If you thought helicopter parents were bad, have you heard of lawnmower parents?
The term “helicopter parent” has been in the lexicon for a number of years and most people can relatively easily define what they do: these are parents who, for a variety of reasons, hover closely over their children, monitor their activities and interactions and schedule structured activities for them, from end of school to bedtime. The term has taken on a largely negative connotation, in which parents unwittingly prevent the socioemotional development of their children in the mistaken belief that they are providing help.
The dirty secret of overinvolved parenting? It is often quite effective, as detailed by researchers Matthias Doepke (Northwestern) and Fabrizio Zilibotti (Yale) in their 2019 book Love, Money, and Parenting: How Economics Explains the Way we Raise Our Kids.
Their argument is largely based on the idea that frantic and overscheduled parenting leads to improved outcomes for kids in the present world. For some, a logical conclusion is to take this to the extreme. Perhaps, most dramatically exemplified by the recent college admissions scandal, parents committed to knocking over every challenge for their children are often very successful in doing so (at least until the FBI gets involved):
- Don’t play a sport? That’s what Photoshop is for!
- Or just bribe the coach!
- Struggling with standardized testing? Pay someone to take the test in their place!
- Extra time for exams would help? Bribe a psychologist or physician to get diagnosed with a learning disability!
The majority of the internet and media discussion in the aftermath categorized these behaviors as selfish, appalling and shameful. “Reasonable” parents, the conclusion went, would have distanced themselves from ever taking such steps. However, there is another argument here: that these are lawnmower parents, albeit with significant financial means and societal connections. More insidious, and potentially more damaging than helicopter parenting, “lawnmower parenting” describes a parenting style in which obstacles are actively removed on a child’s behalf.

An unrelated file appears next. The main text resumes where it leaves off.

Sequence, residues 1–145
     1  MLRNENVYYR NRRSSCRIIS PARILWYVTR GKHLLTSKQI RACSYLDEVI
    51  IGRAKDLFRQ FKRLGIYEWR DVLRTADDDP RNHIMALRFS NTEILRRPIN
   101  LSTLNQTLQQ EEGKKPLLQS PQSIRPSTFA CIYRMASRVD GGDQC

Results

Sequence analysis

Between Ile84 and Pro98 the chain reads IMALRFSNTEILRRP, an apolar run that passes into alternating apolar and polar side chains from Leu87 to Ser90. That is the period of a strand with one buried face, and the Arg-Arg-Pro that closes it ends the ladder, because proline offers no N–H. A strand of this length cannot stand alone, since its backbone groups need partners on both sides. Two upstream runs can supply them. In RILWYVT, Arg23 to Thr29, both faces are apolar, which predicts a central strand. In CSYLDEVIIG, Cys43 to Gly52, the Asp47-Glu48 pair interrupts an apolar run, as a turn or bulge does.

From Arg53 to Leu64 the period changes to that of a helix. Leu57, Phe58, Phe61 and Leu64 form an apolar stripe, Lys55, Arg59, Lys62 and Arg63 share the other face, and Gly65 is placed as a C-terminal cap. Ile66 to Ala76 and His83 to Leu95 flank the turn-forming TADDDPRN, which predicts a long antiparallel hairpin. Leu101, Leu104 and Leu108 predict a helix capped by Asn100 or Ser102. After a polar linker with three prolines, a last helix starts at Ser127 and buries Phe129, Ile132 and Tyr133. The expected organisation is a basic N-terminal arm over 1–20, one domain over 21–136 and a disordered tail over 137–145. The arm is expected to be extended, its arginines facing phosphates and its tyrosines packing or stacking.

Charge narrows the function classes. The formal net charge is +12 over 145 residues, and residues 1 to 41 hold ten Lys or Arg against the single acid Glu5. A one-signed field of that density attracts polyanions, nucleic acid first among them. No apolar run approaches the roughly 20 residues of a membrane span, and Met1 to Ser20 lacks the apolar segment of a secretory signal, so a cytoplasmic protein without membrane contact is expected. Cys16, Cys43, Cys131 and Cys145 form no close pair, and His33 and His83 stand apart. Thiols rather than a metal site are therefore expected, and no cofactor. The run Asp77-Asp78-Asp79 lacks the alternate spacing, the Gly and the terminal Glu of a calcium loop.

In the case of those involved in Operation Varsity Blues, it is likely that their belief was that they were helping their children and not considering the consequences – on themselves, their children or other adolescents seeking college admission. As is often the case, in the right hands, rationalizations can be a powerful tool.
However, there are also a multitude of other smaller, more commonplace (and legal) methods employed by parents who “just want the best” for their children, regardless of the consequences. Often, these good intentions become distorted into parents taking control over a particular activity, interaction or skill-building opportunity and completing it on their child’s behalf. In the simplest of examples, do you tie your child’s shoes or let them/help them do it themselves? What happens when life gets more complicated or you are running behind schedule or you see your child struggling and want to fix it for them?
So-called “free-range parenting” has been one of the reactions to helicoptering/lawnmower-ing styles. Free-range parenting calls for more unstructured time and allowing children to navigate their own interpersonal, emotional and academic challenges. There is even a website with strategies, descriptions, pertinent legal statutes, crime statistics and other tools The parenting approach looks back fondly on the child-rearing styles of the 1970s and 1980s, but perhaps has a rose-colored view of the idyllic past?
As with most parenting recommendations, having a nuanced understanding of the different forces at play is essential. Who hasn’t tied their child’s shoes for them or helped with homework or negotiated a fight amongst siblings or peers? Who doesn’t want the best for their kids? Although it’s not sexy, moderation is probably the right answer: don’t let them roam completely free, but don’t fix all their problems for them (even if it “works”). You might not get arrested for it, but mowing down their problems certainly won’t help them figure out how to do it for themselves.